The government science sector is relatively small, but when you add up all the state and national departments and related organisations, it's a lot of people doing a lot of science.
Despite the strategic importance of public sector science, as far as I know there is no group responsible for the sector as a whole. It is no one’s job to support, connect or speak out for the highly diverse, often committed but sometimes isolated workforce within the government science sector. It is no one’s job to keep track of the sector, to share knowledge and work towards practical resolution of shared issues. This stands in contrast to the relatively well-organised, represented and funded science in academia. (Note that public sector jobs can be well paid and secure)
I would like to know if there are any organisations, initiatives or resources aimed at a) monitoring or b) supporting government (public sector) scientists, in any country.
- One excellent example is the UK's Government Science and Engineering profession. Well worth a look. https://www.gov.uk/government/organisations/civil-service-government-science-engineering
What do I mean by government / public sector scientist?
- is not employed by a university or college (what I think of as academia)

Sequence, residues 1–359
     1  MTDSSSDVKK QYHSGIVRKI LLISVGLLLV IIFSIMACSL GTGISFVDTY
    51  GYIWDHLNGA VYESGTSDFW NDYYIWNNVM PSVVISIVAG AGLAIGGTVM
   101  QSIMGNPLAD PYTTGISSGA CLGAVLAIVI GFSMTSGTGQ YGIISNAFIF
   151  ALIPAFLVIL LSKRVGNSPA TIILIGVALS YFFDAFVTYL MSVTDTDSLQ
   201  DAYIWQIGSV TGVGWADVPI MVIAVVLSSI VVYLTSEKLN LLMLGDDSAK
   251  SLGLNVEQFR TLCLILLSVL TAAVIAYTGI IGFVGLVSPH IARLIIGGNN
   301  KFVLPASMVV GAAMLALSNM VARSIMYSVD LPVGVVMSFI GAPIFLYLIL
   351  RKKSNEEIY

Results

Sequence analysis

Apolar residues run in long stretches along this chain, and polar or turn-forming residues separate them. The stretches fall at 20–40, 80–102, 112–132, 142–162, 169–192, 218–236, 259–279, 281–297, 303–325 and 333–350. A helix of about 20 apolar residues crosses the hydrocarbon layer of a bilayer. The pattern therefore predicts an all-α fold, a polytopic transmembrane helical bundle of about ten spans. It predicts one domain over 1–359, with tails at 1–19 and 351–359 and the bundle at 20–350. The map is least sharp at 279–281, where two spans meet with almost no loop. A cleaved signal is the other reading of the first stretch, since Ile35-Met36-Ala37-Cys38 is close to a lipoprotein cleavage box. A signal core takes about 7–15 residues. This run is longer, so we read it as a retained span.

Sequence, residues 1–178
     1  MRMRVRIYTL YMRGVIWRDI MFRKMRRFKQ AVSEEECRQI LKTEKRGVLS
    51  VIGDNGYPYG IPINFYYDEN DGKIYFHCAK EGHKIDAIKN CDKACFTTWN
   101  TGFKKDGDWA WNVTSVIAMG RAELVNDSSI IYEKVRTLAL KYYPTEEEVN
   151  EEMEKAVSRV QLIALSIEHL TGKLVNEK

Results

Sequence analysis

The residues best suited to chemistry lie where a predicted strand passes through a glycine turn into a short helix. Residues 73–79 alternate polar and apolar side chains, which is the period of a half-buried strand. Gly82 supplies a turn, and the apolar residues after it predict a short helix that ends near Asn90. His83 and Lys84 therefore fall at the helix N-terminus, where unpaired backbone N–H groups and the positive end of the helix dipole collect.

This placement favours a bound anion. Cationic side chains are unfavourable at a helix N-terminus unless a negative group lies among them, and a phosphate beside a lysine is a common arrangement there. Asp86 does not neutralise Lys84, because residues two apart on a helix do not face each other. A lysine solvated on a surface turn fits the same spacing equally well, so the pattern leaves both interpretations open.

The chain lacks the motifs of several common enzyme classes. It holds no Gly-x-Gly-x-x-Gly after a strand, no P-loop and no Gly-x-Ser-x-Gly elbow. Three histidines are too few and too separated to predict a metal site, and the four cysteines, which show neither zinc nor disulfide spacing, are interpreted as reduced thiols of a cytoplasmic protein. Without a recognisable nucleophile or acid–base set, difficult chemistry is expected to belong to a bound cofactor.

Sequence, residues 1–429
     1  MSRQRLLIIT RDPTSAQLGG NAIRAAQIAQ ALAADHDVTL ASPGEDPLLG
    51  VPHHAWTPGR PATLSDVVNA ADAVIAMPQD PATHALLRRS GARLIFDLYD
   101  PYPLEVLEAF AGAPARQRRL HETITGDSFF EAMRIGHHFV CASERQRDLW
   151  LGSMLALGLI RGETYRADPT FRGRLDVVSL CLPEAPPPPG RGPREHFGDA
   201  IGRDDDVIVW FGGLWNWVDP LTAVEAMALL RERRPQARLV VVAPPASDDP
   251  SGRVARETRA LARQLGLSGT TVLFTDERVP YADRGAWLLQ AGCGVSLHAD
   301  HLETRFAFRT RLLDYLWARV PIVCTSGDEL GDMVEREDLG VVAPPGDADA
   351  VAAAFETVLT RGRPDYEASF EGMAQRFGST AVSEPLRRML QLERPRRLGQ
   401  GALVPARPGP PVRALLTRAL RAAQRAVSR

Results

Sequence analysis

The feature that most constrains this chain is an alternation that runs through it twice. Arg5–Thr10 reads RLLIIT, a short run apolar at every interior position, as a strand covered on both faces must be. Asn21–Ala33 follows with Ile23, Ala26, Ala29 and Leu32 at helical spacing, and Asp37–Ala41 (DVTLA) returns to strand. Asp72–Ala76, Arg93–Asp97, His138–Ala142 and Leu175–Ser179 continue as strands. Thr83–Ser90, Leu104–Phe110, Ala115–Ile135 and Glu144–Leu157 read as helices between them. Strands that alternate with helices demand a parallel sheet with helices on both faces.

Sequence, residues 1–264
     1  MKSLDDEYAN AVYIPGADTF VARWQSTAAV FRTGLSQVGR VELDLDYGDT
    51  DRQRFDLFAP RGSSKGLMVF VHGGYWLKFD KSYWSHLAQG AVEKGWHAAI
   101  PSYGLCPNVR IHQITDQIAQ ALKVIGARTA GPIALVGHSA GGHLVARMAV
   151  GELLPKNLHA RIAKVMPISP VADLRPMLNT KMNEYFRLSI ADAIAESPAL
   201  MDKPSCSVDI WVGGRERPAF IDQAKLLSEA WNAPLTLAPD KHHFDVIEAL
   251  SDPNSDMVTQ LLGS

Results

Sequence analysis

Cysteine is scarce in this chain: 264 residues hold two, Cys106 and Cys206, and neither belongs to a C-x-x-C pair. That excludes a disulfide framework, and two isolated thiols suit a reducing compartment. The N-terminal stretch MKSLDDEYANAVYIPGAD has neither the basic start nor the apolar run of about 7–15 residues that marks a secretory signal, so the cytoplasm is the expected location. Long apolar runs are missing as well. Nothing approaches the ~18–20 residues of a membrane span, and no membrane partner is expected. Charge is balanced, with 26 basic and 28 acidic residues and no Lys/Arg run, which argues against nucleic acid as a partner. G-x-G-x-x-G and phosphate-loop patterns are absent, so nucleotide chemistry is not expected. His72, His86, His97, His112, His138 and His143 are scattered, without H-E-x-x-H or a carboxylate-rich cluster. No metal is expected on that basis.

- employed within executive arm of government, often a department e.g. Dept of Environment, Dept of Health, Dept of Agriculture
- spends subtantial amount of job conducting research
- generally not rewarded by academic measures of success and so in some sense decoupled from academic career structures (not saying this is good or bad)
What do I mean by monitoring?
- Keeping statistics and recording trends in number employed, discipline, funding, salaries, career paths, impact on public good or economy etc (while not perfect, there seems to be many reports and organisations tasked with tracking these kinds of things in academia and private sector R&D)
What do I mean by support?
- The kind of work done by national academies of science (e.g. AAAS in the US, the Australian Academy of Science, the Royal Society in the UK) and disciplinary societies, professional bodies and the like. Note that their work may or may not be relevant to government scientists, but it is generally not targeted at them. Can anyone share an example of work by a body like this that is specifically targeted to government scientists?
Initiatives, policies, resources aimed at supporting career development and tackling issues. For example just about every university/college and many departments and institutes within them will have their own set of policies, initiatives and resources targeted to early career researchers, whether it's developing writing and publication skills, grant application training, outreach skills, building a career plan, finding a mentor etc.
An issue is that university and college resources, and the staff within them, are often active in the public domain. There are probably a lot of resources out there but government scientists may not be encouraged/authorised to have a public presence and their departments may not prioritise sharing what may be seen as internal resources with the general public.